Gladys from Guatemala

We have been working for several years with Gladys who lives just outside Antigua.  She producers our collection made from recycled ikat and the traditional embroidered huipils that she gathers at the local markets. Gladys has two children, the younger son had a heart problem for several years.  When we met her and talked about the possibility of partnering together, show mentioned her situation and was so excited about the possibility of using the income to pay for heart surgery for her son.  Her work producing for Liz Alig has allowed their family to afford open heart surgery for him - a few summers ago he underwent the operation and is now doing well!  We are thankful to Gladys for her strong work ethic and her skills!


Preethi from India

Liz Alig works with an NGO in the foothills of the Himalayan Mountains.  Himalyan Tapestry, works to education and empower women in this community.  The program has a small cafe and sewing program.  Anna, the leader of this group, has been working with underprivileged women for over 25 years and is a pioneer of ethical fabric production.  We design garments using their traditional hand block printing. Liz Alig's hand block printed line here.

At age 14 Preethi had been sold to an old man, three times her age.  She was sold by her father to pay off a debt their family owed.  She was severally abused by him - after enduring a year of abuse, she manged to escape and return to her parent's home; however, her parents sold her again to the same man.  She managed to escape again, but was forcibly sent back to the man a third time.  Again she escaped and found her way to the house of a human rights lawyer, who brought her to a shelter.  At the shelter she received counseling, emotional support and care.  She also received sewing training from our partner organization and worked there for two years.  Over this time, she became a women who had an understand of herself and more importantly regained her self-respect.  She met her husband during this time.  Now they live in Delhi with their daughter and both work for an NGO.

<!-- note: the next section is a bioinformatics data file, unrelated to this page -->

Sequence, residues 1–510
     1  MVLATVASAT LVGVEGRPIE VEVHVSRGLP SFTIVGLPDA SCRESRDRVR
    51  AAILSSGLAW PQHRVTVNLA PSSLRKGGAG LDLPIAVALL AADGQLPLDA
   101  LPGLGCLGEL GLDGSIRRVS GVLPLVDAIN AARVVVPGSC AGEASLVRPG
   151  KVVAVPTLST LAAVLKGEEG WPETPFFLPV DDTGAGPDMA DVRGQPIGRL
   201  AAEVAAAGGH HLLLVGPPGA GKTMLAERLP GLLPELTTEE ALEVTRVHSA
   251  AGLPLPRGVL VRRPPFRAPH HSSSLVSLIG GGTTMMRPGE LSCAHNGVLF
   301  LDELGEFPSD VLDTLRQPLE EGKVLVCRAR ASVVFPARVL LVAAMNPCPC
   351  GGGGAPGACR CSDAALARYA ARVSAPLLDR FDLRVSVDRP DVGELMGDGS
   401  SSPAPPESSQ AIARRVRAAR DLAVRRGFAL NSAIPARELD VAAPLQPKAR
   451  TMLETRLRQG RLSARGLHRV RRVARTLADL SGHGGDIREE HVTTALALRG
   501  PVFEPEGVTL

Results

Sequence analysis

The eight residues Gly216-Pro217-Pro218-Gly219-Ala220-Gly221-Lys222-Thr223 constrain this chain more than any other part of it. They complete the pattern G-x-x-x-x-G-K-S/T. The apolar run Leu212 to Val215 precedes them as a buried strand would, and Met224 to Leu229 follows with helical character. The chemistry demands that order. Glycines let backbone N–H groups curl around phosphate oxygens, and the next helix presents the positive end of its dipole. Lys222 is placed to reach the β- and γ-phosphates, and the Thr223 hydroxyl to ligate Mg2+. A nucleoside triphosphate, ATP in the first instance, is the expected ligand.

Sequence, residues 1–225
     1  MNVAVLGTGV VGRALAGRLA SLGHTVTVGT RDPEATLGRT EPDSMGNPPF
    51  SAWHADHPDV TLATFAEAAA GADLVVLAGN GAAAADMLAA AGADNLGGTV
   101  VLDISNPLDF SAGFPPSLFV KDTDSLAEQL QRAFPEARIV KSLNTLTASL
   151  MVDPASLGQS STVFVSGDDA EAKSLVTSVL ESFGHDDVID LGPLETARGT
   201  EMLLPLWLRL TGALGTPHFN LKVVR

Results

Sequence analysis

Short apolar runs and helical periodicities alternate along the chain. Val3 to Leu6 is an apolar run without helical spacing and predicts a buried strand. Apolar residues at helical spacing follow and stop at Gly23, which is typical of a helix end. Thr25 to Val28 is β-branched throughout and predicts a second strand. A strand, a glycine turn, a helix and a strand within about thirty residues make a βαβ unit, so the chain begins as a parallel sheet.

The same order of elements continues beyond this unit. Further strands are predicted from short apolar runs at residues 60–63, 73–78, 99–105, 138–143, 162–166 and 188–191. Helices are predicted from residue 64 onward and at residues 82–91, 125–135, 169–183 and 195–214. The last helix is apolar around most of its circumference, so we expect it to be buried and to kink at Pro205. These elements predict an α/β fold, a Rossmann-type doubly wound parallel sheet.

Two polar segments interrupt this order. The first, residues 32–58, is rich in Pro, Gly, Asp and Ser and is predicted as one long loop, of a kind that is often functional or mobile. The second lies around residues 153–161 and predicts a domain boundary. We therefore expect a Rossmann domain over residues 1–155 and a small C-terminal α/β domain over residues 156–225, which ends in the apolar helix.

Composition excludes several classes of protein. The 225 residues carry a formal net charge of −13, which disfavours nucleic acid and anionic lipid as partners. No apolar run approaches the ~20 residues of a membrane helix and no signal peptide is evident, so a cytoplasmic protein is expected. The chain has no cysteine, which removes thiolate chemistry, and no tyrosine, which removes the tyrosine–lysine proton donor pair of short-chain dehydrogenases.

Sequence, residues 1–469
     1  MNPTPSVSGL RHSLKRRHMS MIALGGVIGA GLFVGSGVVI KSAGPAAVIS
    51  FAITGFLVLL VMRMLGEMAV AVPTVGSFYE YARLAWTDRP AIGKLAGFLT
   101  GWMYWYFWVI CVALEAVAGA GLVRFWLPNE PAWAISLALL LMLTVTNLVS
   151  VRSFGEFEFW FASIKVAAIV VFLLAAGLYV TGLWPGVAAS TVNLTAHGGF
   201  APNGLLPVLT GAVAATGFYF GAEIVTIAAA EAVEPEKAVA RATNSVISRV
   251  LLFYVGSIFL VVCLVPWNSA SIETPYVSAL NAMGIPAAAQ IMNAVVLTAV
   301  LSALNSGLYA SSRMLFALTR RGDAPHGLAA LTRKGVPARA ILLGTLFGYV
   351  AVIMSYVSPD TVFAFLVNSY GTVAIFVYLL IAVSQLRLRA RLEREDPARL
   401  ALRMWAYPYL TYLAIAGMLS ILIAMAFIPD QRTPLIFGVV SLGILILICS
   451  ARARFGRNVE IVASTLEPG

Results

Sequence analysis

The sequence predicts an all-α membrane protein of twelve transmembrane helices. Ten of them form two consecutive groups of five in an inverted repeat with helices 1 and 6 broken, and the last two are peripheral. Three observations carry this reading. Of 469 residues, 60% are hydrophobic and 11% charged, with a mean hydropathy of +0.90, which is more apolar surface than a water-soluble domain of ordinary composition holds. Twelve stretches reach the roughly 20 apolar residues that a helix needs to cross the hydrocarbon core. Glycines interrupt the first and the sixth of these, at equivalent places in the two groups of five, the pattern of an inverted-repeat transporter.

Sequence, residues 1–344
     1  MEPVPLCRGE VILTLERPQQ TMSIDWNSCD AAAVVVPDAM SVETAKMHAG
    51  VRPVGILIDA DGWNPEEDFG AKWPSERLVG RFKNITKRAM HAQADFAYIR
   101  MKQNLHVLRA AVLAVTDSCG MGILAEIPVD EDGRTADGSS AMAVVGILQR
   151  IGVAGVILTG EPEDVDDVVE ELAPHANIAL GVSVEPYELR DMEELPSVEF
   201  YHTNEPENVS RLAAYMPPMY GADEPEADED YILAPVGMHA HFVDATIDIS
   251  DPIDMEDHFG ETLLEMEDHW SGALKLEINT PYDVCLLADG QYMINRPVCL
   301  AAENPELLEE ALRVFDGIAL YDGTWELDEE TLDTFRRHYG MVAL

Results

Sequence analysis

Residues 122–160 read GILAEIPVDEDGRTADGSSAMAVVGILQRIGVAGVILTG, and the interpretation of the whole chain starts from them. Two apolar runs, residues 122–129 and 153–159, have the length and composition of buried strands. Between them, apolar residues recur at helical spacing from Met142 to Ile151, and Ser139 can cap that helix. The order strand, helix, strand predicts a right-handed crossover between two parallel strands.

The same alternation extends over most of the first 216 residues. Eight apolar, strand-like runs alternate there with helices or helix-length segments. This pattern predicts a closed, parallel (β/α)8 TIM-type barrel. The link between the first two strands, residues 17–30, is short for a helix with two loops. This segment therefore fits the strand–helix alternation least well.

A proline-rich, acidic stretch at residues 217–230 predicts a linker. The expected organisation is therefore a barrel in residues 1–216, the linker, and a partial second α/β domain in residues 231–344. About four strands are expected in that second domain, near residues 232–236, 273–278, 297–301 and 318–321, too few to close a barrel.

Production House in Cambodia

Because of the large number of factories in Cambodia, excess rolls of fabric (or bags as seen above) can be purchased at local markets.  We design garments utilizing this excess fabric.  Next we work with a small production facility in Phnom Penh, Fairsew. This group pays fair wages, provides health insurance, and gives as many paid holidays as Australia - these things may sounds small, but they are unheard of in most factories in Cambodia.